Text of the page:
FT: How Beijing Kept Its Grip On Power / Why three Ps mean end of an era in N Korea

Wednesday, June 3, 2009

FT: How Beijing Kept Its Grip On Power

The Tiananmen debacle taught leaders of the Chinese Communist party that elite unity was critical to its survival

By Minxin Pei

It is hard to miss the self-congratulatory mood in Beijing’s corridors of power these days. The Chinese Communist party was practically written off after its army crushed the pro-democracy movement in Tiananmen Square on June 4 1989. At home, it faced a shocked and resentful population. Internationally, it was isolated. The fall of communism in the former Soviet bloc further demoralised its members. A sense of impending doom permeated Beijing.

Twenty years later, things could hardly be more different. China is riding high as a new economic and geopolitical giant. The party’s rule has never felt more secure.

Chinese leaders appear to believe that they have discovered the magic formula for political survival: a one-party regime that embraces capitalism and globalisation. Abroad, the party’s success raises fears that it has established a viable new model for autocratic rule.

As the world commemorates the 20th anniversary of the Tiananmen tragedy, it is time to reflect on how the party has held on to power against seemingly impossible odds and whether the strategy it has pursued since Tiananmen will continue to sustain its political monopoly.

Clearly, the most important explanation for the party’s apparent resilience is its ability to deliver consistently high growth. However, largely through trial and error, the party has also developed a complementary and quite sophisticated political strategy to strengthen its power base.

A lesson taken from the Tiananmen debacle by the party’s leaders is that elite unity is critical to its survival. The political necessity of launching China’s economic reforms in the late 1970s required the party to form a grand alliance of liberals, technocrats and conservatives. But the liberals and the conservatives constantly clashed during the 1980s, over both the speed and direction of reform.

Disunity at the top sent out mixed signals to Chinese society and, during Tiananmen, paralysed the decision-making process. After Tiananmen, the party purged liberals from its top echelon and formed a technocratic/conservative coalition that has unleashed capitalism but suppressed democracy.

An additional lesson learnt from the party’s near-death experience in Tiananmen was that it must co-opt social elites to expand its base. The pro-democracy movement was led and organised by China’s intelligentsia and college students. The most effective strategy for preventing another Tiananmen, the party apparently reasoned, was to win over elite elements from Chinese society, thus depriving potential opposition of leadership and organisational capacity.

So in the post-Tiananmen era, the party courted the intelligentsia, professionals and entrepreneurs, showering them with perks and political status. The strategy has been so successful that today’s party consists mostly of well-educated bureaucrats, professionals and intellectuals.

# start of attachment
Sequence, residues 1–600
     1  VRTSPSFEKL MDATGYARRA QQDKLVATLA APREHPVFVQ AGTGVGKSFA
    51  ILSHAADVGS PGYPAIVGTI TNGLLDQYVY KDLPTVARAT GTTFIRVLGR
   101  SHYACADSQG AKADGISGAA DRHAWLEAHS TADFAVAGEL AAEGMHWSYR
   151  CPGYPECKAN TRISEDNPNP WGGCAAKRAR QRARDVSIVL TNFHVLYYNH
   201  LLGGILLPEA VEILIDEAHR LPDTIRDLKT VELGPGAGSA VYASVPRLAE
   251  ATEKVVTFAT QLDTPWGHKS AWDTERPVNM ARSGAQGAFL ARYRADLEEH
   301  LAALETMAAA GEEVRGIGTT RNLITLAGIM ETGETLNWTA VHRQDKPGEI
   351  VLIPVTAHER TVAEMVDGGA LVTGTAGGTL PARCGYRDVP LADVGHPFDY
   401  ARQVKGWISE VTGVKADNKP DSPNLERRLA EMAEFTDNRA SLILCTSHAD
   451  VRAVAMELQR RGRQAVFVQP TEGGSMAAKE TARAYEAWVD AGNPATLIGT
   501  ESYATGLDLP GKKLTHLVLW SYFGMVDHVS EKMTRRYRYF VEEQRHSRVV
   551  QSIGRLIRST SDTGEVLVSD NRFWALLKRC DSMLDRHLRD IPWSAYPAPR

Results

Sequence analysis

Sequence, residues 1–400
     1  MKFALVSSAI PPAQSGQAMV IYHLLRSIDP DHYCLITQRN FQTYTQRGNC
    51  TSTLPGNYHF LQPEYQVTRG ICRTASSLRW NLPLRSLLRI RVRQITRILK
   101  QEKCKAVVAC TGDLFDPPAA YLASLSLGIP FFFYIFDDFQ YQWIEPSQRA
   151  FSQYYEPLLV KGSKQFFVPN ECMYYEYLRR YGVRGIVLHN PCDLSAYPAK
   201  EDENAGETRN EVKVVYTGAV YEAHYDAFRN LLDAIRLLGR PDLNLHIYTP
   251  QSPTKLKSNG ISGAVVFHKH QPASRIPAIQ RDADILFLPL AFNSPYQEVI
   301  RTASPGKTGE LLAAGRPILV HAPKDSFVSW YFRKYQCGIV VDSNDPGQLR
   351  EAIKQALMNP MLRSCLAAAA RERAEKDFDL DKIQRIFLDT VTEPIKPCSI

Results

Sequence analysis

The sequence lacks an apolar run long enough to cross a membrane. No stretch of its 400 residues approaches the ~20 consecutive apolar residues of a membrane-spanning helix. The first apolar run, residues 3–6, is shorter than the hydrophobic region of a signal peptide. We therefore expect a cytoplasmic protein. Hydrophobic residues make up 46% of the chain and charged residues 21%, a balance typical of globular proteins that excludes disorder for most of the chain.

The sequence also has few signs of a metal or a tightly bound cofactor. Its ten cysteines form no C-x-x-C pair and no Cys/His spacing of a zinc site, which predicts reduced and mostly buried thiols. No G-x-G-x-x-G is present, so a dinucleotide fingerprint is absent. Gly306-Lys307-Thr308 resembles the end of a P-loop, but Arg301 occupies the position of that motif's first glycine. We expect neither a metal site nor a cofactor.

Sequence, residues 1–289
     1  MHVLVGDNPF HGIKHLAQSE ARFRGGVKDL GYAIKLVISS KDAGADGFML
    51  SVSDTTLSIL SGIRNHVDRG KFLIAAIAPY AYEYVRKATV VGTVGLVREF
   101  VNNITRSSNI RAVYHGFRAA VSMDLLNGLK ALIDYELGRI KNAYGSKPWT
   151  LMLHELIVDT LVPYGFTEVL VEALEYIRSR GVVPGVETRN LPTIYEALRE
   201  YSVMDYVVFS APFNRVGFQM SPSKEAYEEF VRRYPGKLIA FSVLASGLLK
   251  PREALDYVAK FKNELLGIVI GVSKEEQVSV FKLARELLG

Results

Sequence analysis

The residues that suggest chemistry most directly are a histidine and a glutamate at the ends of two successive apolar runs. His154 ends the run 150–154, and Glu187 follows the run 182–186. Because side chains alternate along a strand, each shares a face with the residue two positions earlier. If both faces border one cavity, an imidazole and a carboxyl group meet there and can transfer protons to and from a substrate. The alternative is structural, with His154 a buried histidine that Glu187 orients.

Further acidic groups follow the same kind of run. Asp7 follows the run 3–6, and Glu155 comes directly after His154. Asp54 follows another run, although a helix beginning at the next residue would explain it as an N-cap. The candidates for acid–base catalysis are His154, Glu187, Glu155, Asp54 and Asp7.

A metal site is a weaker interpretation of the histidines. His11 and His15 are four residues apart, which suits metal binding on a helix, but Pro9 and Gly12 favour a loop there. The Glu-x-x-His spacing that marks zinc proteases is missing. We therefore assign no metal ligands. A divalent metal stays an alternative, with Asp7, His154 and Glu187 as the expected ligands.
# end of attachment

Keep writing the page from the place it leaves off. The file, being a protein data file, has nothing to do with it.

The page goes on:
Of course, when it comes to those daring to challenge its rule, the party is ruthless. But even in applying its repressive instruments it has learnt how to use them more efficiently. It targets a relatively small group of dissidents but no longer interferes with ordinary people’s private lives. In today’s China, open dissent is stifled but personal freedom flourishes.

On the surface, the collapse of the Soviet Union reduced China’s strategic value to the west. But after overcoming its initial shock, the party adroitly exploited the situation by using the turmoil in the former Soviet bloc to instil in the Chinese public the fear that any political change would bring national calamity. Rising Chinese nationalism, stoked by official propaganda, allowed the party to burnish its image as the defender of China’s national honour.

The wave of globalisation that followed the cold war offered another golden opportunity. Capitalising on the lure of the Chinese market, the party befriended the western business community. In turn, western businessmen found a natural partner in the Chinese Communist party, its name notwithstanding.

With any self-respecting multinational rushing into the Middle Kingdom, those who refused to recognise the new reality risked being outcompeted. In China, they also found undreamt-of freedom in doing business: no demanding labour unions or strict environmental standards. Wittingly or otherwise, western business has become the most powerful advocate for engagement with China. Its endorsement, along with the pragmatic policy pursued by western governments, has lent a legitimising gloss to the party’s rule.

Ironically, this political strategy has worked so well that the party is now paying a price for its success. With the technocratic/conservative alliance at the top and the coalition of bureaucrats, professionals, intelligentsia and private businessmen in the middle, the party has evolved into a self-serving elite. Conspicuously, it has no base among the masses.